If you order a new jumper, a pair of jeans, some DVDs, a book, or even some household cleaning products from almost any online source, chances are that you will not be charged extra for delivery.
Generally, once you’re spending more than a nominal amount (usually between €50 and €100), you won’t have to pay any extra for shipping.
With cars, of course, that has never been the case. The price you see is most definitely not the price you pay, and ‘delivery and related charges’ are always extra. The gap between a retail price and a dealer price can be as much as €1,500.
Why? Well, part of it is down to consumer law, some is pure tradition, and the rest is because these charges do provide a critical lifeline for car dealers working on wafer-thin margins. What that all means for the consumer is debatable at best.
The consumer protection law goes back a long way, and the basis of it is that if a car manufacturer was to try to impose a fixed on-the-road price, inclusive of dealer charges, then that would be considered anti-competitive.
A spokesperson for the Competition and Consumer Protection Commission (CCPC) told The Irish Times: "Under competition law, car dealerships and manufacturers must set their own individual prices and related charges. Any agreement or collaboration on charges between competing dealers and/or distributors is expressly forbidden.
“A manufacturer can set a recommended retail price, but individual dealers must be free to discount this price if they wish.”
Car makers and importers in Ireland have fallen foul of this rule in the past. In 1996, the Competition Authority (the CCPC as was), opened an investigation into Opel, which had set a fixed 'open book' price for its cars. "This type of conduct represents resale price maintenance which is a breach of competition law as it removes competition at the retail level and would lead to higher prices for consumers if not challenged."
Both Citroen and Ford dealers were investigated, in 2009 and 2004 respectively, and indeed prosecutions and even convictions arose, when the Competition Authority found that cartel-like practices were being used to fix the prices of some models.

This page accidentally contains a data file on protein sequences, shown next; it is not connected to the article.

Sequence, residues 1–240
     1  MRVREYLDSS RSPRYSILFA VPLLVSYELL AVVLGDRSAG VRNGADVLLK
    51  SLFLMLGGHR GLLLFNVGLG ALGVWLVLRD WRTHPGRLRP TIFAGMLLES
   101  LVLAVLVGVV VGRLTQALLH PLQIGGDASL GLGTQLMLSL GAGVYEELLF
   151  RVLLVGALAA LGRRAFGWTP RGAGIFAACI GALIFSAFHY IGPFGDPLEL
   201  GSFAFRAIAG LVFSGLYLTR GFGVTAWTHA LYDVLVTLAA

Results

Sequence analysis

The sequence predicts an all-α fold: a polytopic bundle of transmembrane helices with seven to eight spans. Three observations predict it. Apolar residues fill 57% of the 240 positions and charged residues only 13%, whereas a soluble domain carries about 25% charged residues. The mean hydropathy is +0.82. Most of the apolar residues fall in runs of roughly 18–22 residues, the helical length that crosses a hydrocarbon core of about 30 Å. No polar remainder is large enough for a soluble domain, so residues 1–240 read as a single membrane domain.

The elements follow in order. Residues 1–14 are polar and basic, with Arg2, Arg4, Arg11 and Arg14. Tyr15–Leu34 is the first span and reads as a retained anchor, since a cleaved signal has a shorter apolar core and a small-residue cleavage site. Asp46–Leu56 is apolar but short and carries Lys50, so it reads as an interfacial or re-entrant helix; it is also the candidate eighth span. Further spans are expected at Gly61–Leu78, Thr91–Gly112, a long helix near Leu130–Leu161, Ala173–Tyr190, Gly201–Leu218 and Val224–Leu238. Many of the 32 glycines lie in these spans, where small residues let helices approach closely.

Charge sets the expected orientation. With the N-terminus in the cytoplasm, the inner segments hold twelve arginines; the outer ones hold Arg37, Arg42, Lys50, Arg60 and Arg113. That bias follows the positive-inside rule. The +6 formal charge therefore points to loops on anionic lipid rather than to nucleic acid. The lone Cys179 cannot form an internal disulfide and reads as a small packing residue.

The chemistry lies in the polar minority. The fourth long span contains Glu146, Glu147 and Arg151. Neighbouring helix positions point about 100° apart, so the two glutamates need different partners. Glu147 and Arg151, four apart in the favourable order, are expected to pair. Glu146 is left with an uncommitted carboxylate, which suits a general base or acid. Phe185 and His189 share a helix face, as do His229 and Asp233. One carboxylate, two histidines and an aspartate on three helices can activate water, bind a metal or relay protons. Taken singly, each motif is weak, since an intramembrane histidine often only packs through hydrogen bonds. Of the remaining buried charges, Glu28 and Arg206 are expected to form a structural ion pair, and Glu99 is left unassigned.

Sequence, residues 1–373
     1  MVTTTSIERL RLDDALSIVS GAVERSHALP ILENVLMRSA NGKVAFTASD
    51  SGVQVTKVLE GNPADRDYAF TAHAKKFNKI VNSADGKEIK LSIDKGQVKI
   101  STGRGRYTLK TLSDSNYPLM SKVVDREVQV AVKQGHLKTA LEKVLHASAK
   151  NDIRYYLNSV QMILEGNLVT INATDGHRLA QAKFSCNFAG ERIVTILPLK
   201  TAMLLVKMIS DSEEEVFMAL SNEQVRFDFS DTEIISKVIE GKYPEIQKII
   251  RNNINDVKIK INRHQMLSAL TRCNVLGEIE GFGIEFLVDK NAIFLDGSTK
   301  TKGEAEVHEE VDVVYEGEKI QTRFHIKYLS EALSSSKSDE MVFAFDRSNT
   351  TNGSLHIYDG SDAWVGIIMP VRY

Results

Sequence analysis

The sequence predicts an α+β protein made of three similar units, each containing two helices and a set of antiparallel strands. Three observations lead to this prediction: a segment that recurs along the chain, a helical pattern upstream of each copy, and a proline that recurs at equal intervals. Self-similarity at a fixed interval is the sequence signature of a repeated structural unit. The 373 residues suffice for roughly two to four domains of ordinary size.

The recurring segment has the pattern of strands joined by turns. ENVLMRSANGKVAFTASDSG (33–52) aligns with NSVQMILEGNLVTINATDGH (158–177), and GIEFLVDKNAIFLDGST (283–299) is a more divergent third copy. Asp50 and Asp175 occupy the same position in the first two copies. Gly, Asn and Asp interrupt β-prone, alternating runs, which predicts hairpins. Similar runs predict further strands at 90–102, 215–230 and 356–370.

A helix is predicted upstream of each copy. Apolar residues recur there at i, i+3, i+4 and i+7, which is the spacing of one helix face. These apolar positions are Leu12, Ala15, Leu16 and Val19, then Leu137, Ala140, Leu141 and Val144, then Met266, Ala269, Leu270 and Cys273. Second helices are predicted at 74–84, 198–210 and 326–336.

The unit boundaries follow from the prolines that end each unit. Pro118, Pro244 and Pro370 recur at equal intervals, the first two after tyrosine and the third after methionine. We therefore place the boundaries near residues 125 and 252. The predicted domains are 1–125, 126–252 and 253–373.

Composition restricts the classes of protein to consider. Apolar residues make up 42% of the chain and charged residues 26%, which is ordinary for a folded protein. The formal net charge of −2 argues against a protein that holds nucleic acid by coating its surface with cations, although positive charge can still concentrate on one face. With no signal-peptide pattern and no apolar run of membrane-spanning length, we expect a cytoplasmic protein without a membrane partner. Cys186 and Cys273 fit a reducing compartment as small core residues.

Currently, brands such as BMW get away with quoting an 'on-the-road' price by pointing out that it only recommends a delivery charge, and that its dealers are still free to adjust that as they see fit.
However, it does seem a little odd that given all the loopholes and frequent breaches in consumer protection, that such pricing strategies are held in contempt by the authorities.
After all, on-the-road pricing is very common in other markets, and there’s a strong argument that the consumer is given a much more transparent price when it’s allowed. You wouldn’t expect a shop in Cork to charge you more or less for a Mars Bar than a shop in Dundalk.
The CCPC doesn’t see it that way, however, saying: “Consumer law requires traders to provide the total cost, including extras, of a product to a consumer before they buy. In the specific instance of when a manufacturer is advertising a car for sale, the manufacturer can only advertise the recommended retail price and state that delivery and related charges will be extra.
“If a consumer then decides to buy that car, they should be provided with the total price by the dealer before they buy. Auxiliary costs such as motor insurance, tax etc, are not dealt with specifically under consumer protection law.
“However, through our information campaigns, we would encourage consumers to do their homework about such costs before making a purchase.
“Competition law very clearly states that individual traders must set their own prices independently. If traders were allowed to collectively set their prices and/or costs, this would likely distort or eliminate competition in the market and cause consumers to pay higher prices than they otherwise would.
“Particularly when it comes to a high value item such as a car, we strongly encourage consumers to use the variety of prices to their advantage by doing their research and comparing different competitors’ prices. Consumer protection law facilitates this as it helps ensure that consumers are comparing the end-price they will pay.”
There’s also an element of tax efficiency. According to some car makers, adding the delivery price into the quoted price of the car would mean an increase in vehicle registration tax (VRT), so there is an argument that says putting the delivery and related charge outside the recommended retail price actually saves the consumer a little.